Making Mazda stand out
New marketing chief tackles big challenge of small brand
LOS ANGELES -- Russell Wager's challenge is familiar to longtime Mazda watchers: How can the small Japanese automaker stand out in a crowded field of mainstream auto brands with deep pockets?
Wager, who worked globally at ad agencies on behalf of Nissan, Volkswagen and Kia before becoming Mazda's U.S. marketing chief in October, says he will start with efficiency.
He is scaling back splashy TV commercials, for instance, and spending more on online advertisements, which can precisely target ready-to-buy consumers.
"We've got to measure everything better. We've got to be more efficient," Wager said in an interview here. "Television is good, but we're not doing everything we need to do with digital."
Mazda's marketing budget, which a source says is about $325 million for Mazda's current fiscal year, is a fraction of most of its competitors' budgets. Nissan, for example, spent more than $940 million in U.S. advertising last year while Kia spent nearly $500 million, according to data compiled by Automotive News affiliate Advertising Age.
To help Mazda "punch above its weight," for example, Wager says he purchased a billboard in New York's Times Square for the freshened 2013 CX-9 crossover ahead of an ad campaign slated to begin in January.
"Is that spending more money? I'm just reallocating resources," Wager said. "But it's more impactful, and it'll help get the awareness of the vehicle up pretty quickly."
The CX-9 campaign, which was already in motion when Wager joined Mazda, will be the first work with his fingerprints. Wager said he reallocated some dollars initially reserved for TV spots into other areas of the campaign, which will include TV, billboards, cinema, print and Internet advertising.
Advertising for the redesigned Mazda6 mid-sized sedan, to be positioned as Mazda's flagship, begins after the CX-9 campaign quiets down in the spring.
Wager says Mazda's ads need a more sophisticated tone to match the brand's premium ambitions. Mazda will use design, environmental technologies and high-tech safety features to establish itself as a more premium brand.
Wager, 46, says the moves are part of how Mazda will break its glass ceiling.
"We have this glass ceiling of 300,000 units and 2 percent market share that we keep getting up to and then we bounce off," Wager said in the interview. As Mazda Motor Corp. CEO Takashi "Yamanouchi-san said, we're going to bust through that. We're going to get to 400,000."
Through November, Mazda's U.S. sales rose 10 percent to 249,795 units while the industry was up 14 percent.
Wager says a part of him has wanted to work with Mazda again ever since he oversaw Mazda's account at the brand's former agency, Doner, from 2003 to 2006. The University of Texas graduate has overseen a number of major automotive accounts, including Nissan's global account with TBWA in Tokyo from 2010 until this year and Kia's business with David & Goliath from 2007 through 2010.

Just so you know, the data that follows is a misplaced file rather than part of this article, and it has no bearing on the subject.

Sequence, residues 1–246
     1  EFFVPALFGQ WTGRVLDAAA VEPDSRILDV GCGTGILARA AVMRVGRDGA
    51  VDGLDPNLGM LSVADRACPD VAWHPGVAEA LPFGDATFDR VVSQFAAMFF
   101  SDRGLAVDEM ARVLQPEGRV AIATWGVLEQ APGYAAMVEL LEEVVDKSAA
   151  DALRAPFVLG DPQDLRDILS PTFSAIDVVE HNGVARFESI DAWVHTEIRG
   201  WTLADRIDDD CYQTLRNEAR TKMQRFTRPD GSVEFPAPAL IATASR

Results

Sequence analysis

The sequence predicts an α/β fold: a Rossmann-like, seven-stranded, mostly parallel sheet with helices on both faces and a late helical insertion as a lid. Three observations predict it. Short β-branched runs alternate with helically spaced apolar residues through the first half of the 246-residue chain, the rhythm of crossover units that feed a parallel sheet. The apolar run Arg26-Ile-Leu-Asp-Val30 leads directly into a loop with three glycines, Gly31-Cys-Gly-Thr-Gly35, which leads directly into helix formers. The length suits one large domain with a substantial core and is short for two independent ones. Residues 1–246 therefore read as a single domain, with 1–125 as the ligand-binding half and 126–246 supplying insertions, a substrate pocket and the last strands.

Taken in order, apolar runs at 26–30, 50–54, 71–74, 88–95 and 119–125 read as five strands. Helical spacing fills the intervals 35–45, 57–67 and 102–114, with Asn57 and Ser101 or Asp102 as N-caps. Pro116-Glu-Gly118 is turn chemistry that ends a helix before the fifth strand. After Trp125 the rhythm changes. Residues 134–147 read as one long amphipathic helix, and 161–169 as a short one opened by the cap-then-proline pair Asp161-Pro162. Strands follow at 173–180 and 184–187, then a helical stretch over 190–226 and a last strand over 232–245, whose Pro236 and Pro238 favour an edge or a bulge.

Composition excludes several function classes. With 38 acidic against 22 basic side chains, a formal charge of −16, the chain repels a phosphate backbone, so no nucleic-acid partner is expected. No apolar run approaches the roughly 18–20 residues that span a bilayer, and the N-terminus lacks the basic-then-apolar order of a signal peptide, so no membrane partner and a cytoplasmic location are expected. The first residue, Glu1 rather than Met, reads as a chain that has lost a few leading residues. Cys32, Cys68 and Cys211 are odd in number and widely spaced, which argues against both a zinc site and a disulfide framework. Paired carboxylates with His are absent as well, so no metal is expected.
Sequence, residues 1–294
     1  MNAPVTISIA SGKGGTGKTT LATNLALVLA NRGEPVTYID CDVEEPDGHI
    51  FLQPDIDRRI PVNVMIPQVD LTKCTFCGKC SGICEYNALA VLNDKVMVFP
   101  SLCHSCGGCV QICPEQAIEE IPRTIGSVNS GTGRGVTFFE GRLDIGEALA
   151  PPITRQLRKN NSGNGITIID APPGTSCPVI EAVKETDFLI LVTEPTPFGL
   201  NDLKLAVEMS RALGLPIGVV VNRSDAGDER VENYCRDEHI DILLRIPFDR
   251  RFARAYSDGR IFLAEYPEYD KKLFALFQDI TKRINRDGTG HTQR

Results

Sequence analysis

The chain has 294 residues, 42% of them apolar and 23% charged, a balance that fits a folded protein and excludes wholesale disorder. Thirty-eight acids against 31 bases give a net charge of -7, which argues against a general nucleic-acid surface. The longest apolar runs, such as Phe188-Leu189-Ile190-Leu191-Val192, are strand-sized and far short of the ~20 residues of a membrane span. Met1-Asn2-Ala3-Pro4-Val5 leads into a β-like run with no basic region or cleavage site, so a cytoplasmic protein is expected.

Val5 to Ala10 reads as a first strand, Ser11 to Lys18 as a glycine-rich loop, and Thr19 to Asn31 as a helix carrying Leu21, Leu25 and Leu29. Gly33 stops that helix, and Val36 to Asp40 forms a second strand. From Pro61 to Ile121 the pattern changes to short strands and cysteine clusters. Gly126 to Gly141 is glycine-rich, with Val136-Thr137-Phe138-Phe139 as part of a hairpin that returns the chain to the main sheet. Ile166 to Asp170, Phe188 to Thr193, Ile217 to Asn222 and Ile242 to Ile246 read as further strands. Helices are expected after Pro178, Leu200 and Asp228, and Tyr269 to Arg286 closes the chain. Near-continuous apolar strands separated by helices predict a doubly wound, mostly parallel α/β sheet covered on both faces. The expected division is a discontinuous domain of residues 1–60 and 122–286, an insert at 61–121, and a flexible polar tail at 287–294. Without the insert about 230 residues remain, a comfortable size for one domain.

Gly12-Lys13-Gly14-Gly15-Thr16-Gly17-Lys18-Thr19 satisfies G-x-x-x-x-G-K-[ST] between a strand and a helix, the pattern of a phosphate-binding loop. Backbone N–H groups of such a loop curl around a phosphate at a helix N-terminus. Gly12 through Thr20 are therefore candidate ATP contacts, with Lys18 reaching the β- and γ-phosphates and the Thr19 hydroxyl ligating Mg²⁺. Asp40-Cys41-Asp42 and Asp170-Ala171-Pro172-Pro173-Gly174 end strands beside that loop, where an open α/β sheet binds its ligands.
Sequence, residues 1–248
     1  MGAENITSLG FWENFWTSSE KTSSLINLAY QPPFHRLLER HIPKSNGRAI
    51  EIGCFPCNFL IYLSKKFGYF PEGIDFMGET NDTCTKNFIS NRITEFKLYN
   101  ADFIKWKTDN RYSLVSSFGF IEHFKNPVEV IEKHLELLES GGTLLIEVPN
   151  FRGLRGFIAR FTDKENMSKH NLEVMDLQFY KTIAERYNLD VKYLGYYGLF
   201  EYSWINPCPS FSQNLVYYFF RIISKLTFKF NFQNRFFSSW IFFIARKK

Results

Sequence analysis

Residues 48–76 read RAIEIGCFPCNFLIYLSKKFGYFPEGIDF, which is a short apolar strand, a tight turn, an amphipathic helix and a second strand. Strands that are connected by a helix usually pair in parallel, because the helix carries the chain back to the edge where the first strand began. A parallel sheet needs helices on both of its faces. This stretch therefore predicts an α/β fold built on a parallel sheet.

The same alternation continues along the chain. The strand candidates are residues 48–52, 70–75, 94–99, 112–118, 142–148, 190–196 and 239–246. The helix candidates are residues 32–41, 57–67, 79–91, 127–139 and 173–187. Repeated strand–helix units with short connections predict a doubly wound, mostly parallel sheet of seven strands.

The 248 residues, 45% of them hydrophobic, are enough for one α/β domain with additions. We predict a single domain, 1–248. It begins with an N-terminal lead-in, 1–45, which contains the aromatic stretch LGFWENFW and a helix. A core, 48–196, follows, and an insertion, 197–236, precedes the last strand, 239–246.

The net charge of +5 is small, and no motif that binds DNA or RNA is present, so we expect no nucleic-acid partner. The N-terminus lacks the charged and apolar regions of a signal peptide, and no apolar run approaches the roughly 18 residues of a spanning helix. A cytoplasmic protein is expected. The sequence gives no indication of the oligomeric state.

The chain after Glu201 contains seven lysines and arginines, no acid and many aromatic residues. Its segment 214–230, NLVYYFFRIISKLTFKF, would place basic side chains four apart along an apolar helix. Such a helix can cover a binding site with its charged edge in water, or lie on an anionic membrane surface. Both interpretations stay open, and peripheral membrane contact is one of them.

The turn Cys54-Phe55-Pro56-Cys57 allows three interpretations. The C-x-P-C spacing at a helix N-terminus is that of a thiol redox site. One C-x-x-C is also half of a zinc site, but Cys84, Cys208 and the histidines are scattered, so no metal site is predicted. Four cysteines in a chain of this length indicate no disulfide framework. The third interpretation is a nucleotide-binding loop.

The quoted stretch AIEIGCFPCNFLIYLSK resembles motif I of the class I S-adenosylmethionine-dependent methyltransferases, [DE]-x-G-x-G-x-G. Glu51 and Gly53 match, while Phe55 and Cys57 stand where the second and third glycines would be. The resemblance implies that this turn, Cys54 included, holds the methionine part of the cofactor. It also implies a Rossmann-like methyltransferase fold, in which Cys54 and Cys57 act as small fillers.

But it wasn't until this summer that the prospect of joining Mazda seemed like a possibility.
Before joining Mazda in October, Wager was running Volkswagen's account in China with DBB Advertising in Beijing. He says he was approached by Jim O'Sullivan, CEO of Mazda North American Operations, and Robert Davis, Mazda's U.S. boss, this summer to join Mazda.
After seeing Mazda's product plans and sales goals, Wager was sold.
"They said, 'Ever had a thought of coming to the client side?' I've always wanted to do it, but quite honestly I never thought I'd have an opportunity to come to a brand I've worked with," Wager said. "It's like coming home."
Mazda's Skyactiv technologies -- its portfolio of advanced engines, transmissions, chassis and frame technologies designed to boost efficiency -- will continue to be a big part of the brand's vehicle advertising.
Wager says more needs to be done to educate consumers on the technologies.
He says that among customers who know Mazda's lineup and are familiar with the brand, 40 to 50 percent associate Skyactiv with Mazda. But few know what Skyactiv means.
"It's really low," Wager said of consumer understanding of Skyactiv. "It's a job we still have to do."
Digital advertising efforts can help, he says. Mazda has created a series of short videos explaining the technologies. Customers can visit the Web to learn more.
Wager also said digital ads will help pitch Mazda's first diesel engine for the U.S. market when it debuts on the Mazda6 next summer. Online ads can be more interactive and tell consumers more about how Mazda's new diesel engine will offer both performance and excellent fuel economy, he said.
Wager said: "I'm not going to be able to convey that in a 30-second television spot."
You can reach Ryan Beene at firstname.lastname@example.org. -- Follow Ryan on